Community project to revive Albany cultural site in memory of Paddy Coyne

Headshot of Sarah Makse
Sarah MakseAlbany Advertiser
Karen Herlihy and Ashleigh Woods with Albany Aboriginal Corporation chairman Lester Coyne.
Camera IconKaren Herlihy and Ashleigh Woods with Albany Aboriginal Corporation chairman Lester Coyne. Credit: Laurie Benson/Albany Advertiser

A significant Noongar site dedicated to the memory of Paddy Coyne will be rejuvenated in a new community project backed by nearly $30,000 of State Government funding.

Albany Aboriginal Corporation was one of 10 not-for-profit groups across the State to receive a share of $200,000 last week to preserve registered Aboriginal sites in their regions.

The community-led organisation secured $29,825 to turn an overgrown and underused site, once home to Paddy Coyne’s camp, into a bush oasis.

The bush site, near the Paddy Coyne Complex off Serpentine Road, was once a place of refuge and safety for Noongar people who were welcomed by “Uncle Pat”.

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He offered shelter to people facing homelessness or hardship at the site, which is still remembered as a significant cultural meeting place today, according to Albany Aboriginal Corporation chairman Lester Coyne.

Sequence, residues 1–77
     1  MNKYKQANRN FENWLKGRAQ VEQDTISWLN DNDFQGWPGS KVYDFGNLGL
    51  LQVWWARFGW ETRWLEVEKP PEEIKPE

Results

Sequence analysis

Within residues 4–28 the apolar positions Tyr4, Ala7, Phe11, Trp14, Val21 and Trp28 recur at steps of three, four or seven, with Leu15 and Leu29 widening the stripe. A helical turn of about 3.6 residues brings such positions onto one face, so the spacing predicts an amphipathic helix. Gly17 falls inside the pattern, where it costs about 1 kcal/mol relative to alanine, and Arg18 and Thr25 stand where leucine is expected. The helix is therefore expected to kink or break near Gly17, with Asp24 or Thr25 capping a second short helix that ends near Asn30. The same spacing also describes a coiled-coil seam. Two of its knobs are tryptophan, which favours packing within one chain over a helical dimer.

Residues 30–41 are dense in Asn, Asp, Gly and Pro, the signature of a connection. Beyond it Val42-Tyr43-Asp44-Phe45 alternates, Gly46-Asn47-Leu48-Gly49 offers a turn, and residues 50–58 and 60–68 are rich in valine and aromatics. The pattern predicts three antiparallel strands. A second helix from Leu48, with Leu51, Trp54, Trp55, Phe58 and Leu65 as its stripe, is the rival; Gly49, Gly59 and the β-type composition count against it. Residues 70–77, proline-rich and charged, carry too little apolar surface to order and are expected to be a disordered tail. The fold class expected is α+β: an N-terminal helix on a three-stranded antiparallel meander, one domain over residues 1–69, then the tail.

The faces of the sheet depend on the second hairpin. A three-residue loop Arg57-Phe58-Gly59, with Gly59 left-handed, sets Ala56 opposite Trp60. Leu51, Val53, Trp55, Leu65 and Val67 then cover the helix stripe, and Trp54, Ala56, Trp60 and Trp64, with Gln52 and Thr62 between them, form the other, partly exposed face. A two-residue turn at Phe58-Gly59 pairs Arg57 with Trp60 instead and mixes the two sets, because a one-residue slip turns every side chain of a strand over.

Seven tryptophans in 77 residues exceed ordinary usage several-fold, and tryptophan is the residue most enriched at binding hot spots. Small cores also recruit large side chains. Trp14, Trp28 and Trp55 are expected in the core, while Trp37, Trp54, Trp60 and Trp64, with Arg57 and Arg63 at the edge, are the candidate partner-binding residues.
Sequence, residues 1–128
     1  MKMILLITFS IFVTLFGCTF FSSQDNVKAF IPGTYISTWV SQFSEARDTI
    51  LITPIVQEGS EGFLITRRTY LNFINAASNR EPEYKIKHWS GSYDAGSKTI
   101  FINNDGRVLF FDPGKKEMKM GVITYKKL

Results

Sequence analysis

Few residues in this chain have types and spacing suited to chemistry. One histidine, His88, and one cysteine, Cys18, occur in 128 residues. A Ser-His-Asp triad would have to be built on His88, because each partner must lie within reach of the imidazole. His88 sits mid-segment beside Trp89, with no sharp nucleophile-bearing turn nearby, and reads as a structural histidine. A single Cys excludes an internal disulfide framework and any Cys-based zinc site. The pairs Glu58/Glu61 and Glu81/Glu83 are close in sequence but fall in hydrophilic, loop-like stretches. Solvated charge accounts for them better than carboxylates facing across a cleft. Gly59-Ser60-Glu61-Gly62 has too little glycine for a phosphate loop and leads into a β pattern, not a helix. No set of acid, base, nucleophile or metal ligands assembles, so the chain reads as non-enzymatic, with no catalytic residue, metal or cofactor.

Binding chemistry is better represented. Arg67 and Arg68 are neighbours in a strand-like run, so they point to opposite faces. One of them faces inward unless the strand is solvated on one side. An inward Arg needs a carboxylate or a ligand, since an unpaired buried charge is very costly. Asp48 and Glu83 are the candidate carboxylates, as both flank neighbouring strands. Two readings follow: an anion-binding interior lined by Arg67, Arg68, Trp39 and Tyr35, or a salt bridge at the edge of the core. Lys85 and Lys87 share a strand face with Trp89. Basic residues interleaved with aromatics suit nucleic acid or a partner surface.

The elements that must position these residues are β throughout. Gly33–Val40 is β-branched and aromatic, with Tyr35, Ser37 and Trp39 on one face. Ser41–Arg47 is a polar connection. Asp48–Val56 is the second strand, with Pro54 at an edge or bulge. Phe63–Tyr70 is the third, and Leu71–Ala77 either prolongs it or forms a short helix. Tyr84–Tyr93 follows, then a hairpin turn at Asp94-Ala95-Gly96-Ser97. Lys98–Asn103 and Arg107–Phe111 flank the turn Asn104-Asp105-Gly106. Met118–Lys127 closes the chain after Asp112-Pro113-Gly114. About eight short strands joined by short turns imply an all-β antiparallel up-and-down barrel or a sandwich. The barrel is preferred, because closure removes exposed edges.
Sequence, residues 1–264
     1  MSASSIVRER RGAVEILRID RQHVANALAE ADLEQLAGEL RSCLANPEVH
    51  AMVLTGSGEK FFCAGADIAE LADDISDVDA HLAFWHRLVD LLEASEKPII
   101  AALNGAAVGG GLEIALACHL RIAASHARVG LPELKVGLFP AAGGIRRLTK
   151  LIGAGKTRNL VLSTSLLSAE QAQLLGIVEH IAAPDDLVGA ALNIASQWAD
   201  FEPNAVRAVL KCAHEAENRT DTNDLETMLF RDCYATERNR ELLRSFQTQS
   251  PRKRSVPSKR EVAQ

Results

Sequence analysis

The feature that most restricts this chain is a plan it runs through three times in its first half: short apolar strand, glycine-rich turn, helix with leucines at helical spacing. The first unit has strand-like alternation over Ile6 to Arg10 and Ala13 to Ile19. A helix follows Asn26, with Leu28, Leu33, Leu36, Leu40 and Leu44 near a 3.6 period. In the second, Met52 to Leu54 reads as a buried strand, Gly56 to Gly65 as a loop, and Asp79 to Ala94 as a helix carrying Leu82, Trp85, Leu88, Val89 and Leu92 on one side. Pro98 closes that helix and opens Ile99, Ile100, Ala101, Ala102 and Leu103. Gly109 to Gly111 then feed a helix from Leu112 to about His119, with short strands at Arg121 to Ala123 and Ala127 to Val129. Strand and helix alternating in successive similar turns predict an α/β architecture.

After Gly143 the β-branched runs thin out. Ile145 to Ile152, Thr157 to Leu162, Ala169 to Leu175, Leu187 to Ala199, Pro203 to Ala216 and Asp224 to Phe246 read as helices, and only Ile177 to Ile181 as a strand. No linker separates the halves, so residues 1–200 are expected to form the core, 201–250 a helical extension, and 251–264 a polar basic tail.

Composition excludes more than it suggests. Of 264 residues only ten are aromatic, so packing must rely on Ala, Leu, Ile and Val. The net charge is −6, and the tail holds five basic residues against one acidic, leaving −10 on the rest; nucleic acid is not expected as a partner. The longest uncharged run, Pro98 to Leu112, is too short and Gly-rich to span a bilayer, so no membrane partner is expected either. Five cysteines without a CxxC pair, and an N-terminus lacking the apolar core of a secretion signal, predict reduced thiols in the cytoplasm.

“Uncle Pat Coyne had an army tent in there he used to help a lot of people out of destitute,” he said. “We have dedicated that site to Paddy Coyne.”

Mr Coyne said volunteers would work over the next six months to create a living memorial for Uncle Pat and ensure the bush area could be used by the entire community.

“It’s a place that is well frequented now, but for the wrong reasons to dump rubbish, smash bottles and (littered with) broken glass and old furniture and all sorts of things, so we want to take all of that away,” he said.

“There are so many plants that are worthy of recognition, but right now we can’t see them through weeds and rubbish.

“We want to keep it alive, keep it neat and tidy and ... that his efforts are going to be matched by ours, we can clean it up and make it safe and accessible to everybody.”

The group plans to remove Sydney golden wattle, an invasive species, which has spread in the area.

Members will also build a pathway through the bush site to the Albany Aboriginal Corporation building and install signs explaining the native flora and fauna and the history of the area recognising Paddy Coyne’s contributions.

“This was a comfort site, it provided safety and security for people, and we want to revisit that and make it a comfort site from a visual perspective and from a mental health perspective too,” Mr Coyne said.

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